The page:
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RCMP document contradicts PM

Harper's insistence aide acted alone in Duffy affair at issue

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'Those were his decisions. They were not communicated to me or to members of my office': Prime Minister Stephen Harper said.

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'Those were his decisions. They were not communicated to me or to members of my office': Prime Minister Stephen Harper said.

OTTAWA -- Stephen Harper is facing accusations he misled Canadians about the Mike Duffy expenses scandal after a court document contradicted the prime minister's version of events.

Under intense questioning about the affair throughout the spring, Harper repeatedly insisted his chief of staff, Nigel Wright, acted on his own when he decided to give Duffy $90,000 to reimburse the Senate for invalid expense claims.

"Those were his decisions. They were not communicated to me or to members of my office," Harper said June 5.

But the RCMP, which has launched a criminal probe, says in a court document that Wright recalls telling three other senior people in the Prime Minister's Office about the transaction.

Wright had not been interviewed by the Mounties at the time the document was filed in court by lead investigator Cpl. Greg Horton on June 24. But the document recounts a June 19 meeting with Wright's lawyers, Patrick McCann and Peter Mantas.

The lawyers told the RCMP Wright recalls telling his assistant, David van Hemmen; Harper's legal adviser, Benjamin Perrin; and Chris Woodcock, director of issues management in the PMO, about his intention to personally give Duffy the money to reimburse the Senate.

'Those were his decisions. They were not communicated to me or to members of my office'

-- Prime Minister Stephen Harper

Perrin, who has since left the PMO, has denied he was consulted or participated in any arrangement between Duffy and Wright.

Wright resigned as Harper's chief of staff in May, five days after news of his "gift" to Duffy leaked out.

NDP ethics critic Charlie Angus said the court document shows Harper misled Parliament. "What is very clear is that the prime minister of this country and his key ministers misled Parliament and Canadians about a potentially illegal payout that was organized out of his office," Angus said Friday.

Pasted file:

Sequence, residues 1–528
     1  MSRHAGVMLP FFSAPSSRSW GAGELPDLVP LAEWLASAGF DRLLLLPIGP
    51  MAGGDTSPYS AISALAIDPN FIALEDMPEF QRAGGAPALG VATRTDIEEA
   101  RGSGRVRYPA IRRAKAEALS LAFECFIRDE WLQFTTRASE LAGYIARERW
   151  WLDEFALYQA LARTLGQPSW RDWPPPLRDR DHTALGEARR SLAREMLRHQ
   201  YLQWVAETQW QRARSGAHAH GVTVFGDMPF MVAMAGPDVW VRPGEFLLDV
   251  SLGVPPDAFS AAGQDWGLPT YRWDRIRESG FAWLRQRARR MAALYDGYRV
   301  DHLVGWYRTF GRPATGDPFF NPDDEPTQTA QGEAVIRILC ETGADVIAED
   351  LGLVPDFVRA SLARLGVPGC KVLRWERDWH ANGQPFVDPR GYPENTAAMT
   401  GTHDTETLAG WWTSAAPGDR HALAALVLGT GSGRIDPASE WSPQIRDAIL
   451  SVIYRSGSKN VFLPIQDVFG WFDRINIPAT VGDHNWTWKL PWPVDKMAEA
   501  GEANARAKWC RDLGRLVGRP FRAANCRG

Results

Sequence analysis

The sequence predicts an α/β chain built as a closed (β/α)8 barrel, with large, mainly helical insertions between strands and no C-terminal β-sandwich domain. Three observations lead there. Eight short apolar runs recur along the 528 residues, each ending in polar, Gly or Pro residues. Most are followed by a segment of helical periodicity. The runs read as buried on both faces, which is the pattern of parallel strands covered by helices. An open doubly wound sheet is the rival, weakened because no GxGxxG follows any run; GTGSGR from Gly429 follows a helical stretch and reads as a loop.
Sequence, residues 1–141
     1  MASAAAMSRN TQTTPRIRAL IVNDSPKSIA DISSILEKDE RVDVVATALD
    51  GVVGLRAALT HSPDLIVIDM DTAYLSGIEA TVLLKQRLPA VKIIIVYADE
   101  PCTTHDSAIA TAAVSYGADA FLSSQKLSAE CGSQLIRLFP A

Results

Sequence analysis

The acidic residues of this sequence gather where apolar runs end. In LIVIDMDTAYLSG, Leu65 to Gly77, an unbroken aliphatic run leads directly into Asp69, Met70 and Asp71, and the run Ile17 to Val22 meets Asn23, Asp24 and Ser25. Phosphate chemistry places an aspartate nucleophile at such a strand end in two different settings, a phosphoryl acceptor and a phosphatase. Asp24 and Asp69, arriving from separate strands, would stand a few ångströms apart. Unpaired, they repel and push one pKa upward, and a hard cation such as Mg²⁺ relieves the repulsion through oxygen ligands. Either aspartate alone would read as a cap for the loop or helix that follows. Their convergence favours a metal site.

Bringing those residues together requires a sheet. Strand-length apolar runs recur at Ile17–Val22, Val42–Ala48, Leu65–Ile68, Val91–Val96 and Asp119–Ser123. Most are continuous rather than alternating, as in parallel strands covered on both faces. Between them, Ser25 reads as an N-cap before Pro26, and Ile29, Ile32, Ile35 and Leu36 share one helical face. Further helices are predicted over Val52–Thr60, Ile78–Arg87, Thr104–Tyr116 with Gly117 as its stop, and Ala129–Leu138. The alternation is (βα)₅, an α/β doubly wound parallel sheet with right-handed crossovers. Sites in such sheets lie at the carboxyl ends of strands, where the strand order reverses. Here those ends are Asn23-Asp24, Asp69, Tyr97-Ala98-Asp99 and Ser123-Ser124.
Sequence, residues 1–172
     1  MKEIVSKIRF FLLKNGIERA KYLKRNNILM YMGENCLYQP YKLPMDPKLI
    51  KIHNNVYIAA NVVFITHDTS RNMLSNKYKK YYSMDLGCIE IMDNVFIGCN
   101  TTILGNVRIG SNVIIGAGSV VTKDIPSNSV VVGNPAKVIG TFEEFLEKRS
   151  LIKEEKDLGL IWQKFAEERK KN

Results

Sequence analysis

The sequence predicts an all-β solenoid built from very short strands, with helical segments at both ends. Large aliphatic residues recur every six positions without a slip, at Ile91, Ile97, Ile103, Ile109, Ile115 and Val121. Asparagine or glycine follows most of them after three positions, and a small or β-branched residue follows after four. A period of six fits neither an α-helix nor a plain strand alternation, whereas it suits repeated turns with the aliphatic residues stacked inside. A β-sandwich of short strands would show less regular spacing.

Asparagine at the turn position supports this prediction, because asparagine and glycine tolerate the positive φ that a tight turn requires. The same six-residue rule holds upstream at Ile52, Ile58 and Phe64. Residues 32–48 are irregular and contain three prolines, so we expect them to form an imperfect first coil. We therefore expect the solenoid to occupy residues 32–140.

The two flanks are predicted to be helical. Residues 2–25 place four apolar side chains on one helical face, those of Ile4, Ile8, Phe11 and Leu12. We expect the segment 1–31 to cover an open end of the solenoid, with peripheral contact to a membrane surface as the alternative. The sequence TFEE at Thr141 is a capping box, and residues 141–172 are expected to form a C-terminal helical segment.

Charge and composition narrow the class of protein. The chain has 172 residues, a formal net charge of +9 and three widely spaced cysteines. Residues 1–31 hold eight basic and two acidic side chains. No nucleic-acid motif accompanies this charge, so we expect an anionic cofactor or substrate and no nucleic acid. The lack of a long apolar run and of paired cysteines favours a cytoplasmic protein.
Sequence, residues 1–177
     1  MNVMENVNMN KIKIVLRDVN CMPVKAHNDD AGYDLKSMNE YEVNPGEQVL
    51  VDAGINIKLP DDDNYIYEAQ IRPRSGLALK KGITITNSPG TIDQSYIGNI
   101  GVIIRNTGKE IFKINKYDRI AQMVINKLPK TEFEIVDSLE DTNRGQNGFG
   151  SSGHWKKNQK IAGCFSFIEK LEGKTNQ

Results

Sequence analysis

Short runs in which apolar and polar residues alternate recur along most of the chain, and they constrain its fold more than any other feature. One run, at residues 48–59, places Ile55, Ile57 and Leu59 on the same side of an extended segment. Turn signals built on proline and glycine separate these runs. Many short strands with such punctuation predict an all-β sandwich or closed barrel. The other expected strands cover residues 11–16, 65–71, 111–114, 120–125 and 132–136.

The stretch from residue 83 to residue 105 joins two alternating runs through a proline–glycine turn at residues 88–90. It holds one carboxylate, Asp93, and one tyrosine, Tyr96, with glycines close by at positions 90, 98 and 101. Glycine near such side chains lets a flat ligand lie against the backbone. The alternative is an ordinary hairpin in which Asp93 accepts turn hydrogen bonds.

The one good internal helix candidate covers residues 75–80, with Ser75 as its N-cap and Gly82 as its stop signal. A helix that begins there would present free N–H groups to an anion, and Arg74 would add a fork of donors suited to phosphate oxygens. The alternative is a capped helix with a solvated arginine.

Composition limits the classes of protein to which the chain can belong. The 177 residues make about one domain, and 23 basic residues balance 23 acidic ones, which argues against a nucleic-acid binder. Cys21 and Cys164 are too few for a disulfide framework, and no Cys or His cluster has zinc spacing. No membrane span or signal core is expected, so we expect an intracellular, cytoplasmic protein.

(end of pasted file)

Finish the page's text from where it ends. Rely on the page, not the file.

Harper has insisted he knew nothing about the transaction until it was first reported by news media, and Wright's lawyers back up that contention in the court document.

Even so, Angus said Harper had ample opportunity after the news broke to find out the extent of his office's involvement and to provide correct information to Parliament.

"A plan was cooked up with key advisers and key senators to make a political problem go away," Angus said.

"But where the plausible deniability falls apart is when the prime minister starts getting asked questions about what happened. Clearly, then he would've been briefed, so he must have known (the correct facts).

"There's no possible explanation that he would not have been briefed once this story broke, and so it was incumbent on him to come clean with Canadians, and that didn't happen."

Harper spokesman Andrew MacDougall declined to discuss the court documents other than to issue an email statement: "This file was handled by Nigel Wright and he has taken sole responsibility. The (court) affidavit is clear that the prime minister was not aware of the payment."

Wright issued only a terse statement through his lawyer: "I have offered and given my assistance to the investigation and I intend to continue to do so. I have no further comments at this time."

Angus said the document raises disturbing questions about the Tory party's willingness to flout the law.

According to Horton, Wright also told Sen. Irving Gerstein, who controls the ruling party's purse strings, about his intention to give Duffy the money to reimburse the Senate.

Indeed, his lawyers told the RCMP the party was initially prepared to repay the money for Duffy until it discovered the price tag was three times steeper than originally thought.

"When it was realized that the cost was actually $90,000, it was too much money to ask the Conservative party to cover," the document says.

"Wright then offered to cover the cost for Duffy, believing it was the proper ethical decision that taxpayers not be out that amount of money."

Party spokesman Fred DeLorey did not respond directly to questions about the Conservatives' willingness to foot Duffy's bill. He said only: "The Conservative Fund did not pay or reimburse any of the ineligible expenses."

If it was illegal for Wright to give a cash gift to a sitting senator, Angus said it would have been equally illegal for the party to do so.

 

-- The Canadian Press

Republished from the Winnipeg Free Press print edition July 6, 2013 A4

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